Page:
C's syntax (was Re: Python Formatted C Converter (PfCC))
aleaxit at yahoo.com
Thu Oct 26 00:03:21 CEST 2000
"William Tanksley" <wtanksle at dolphin.openprojects.net> wrote in message
news:slrn8veadt.roh.wtanksle at dolphin.openprojects.net...
> I don't mind the syntax, myself; the hard part for me is how incredibly
> poorly designed the standard library is. A good library is able to catch
> mistakes; C's library usually 'detects' errors by corrupting memory and
> dying later.
Well, "catching mistakes" within a language of very low semantic
level and its library is not easy -- and I think C's level was just
right for its time & target (and still comes in handy often).
Still, there are other design defects. For example, the idea of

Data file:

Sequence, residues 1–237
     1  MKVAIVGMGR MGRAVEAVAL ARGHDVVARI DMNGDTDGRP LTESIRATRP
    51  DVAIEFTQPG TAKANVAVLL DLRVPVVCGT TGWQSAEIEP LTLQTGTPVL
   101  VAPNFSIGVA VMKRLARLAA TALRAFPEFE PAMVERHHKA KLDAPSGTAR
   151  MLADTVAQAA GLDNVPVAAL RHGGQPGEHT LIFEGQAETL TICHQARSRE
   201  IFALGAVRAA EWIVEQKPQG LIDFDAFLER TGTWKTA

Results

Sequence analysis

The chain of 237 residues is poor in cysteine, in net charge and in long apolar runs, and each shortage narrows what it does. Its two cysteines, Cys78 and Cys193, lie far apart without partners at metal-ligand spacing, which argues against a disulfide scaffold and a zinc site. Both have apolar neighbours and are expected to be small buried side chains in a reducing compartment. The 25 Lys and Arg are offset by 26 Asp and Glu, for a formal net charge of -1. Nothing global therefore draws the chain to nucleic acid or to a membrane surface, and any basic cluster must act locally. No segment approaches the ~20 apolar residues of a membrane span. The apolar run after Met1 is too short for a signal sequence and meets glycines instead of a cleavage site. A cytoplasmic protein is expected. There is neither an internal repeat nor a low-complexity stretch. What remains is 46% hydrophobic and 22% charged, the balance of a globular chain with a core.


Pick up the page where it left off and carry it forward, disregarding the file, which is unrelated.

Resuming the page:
having strcpy and strcat return (rather uselessly) the same
value that was passed as the first argument, rather than
something useful, such as the pointer to the _end_ of the
resulting string (so putting a long string together from small
pieces ends up being O(N squared) if you want to use the
C standard library -- you have to use another, custom library
[or manipulate the pointers directly] to get the 'natural'
O(N) performance). Or the useless inconsistencies in stdio
routines about where the FILE* parameter goes.
However, patching _these_ up with your own routines (or
macros) is very easy, fortunately. Pity that everyone has to
do it anew (or suffer the standard library's strange design
> immediately). C's library, when thus tested, detected almost none of the
> misuse. It's a design flaw, not something a compiler can easily fix.
It's a design _decision_ -- being low-level and straining for
performance, at the cost of error-checking or ease of use. I
would not call this decision a _flaw_, per se.
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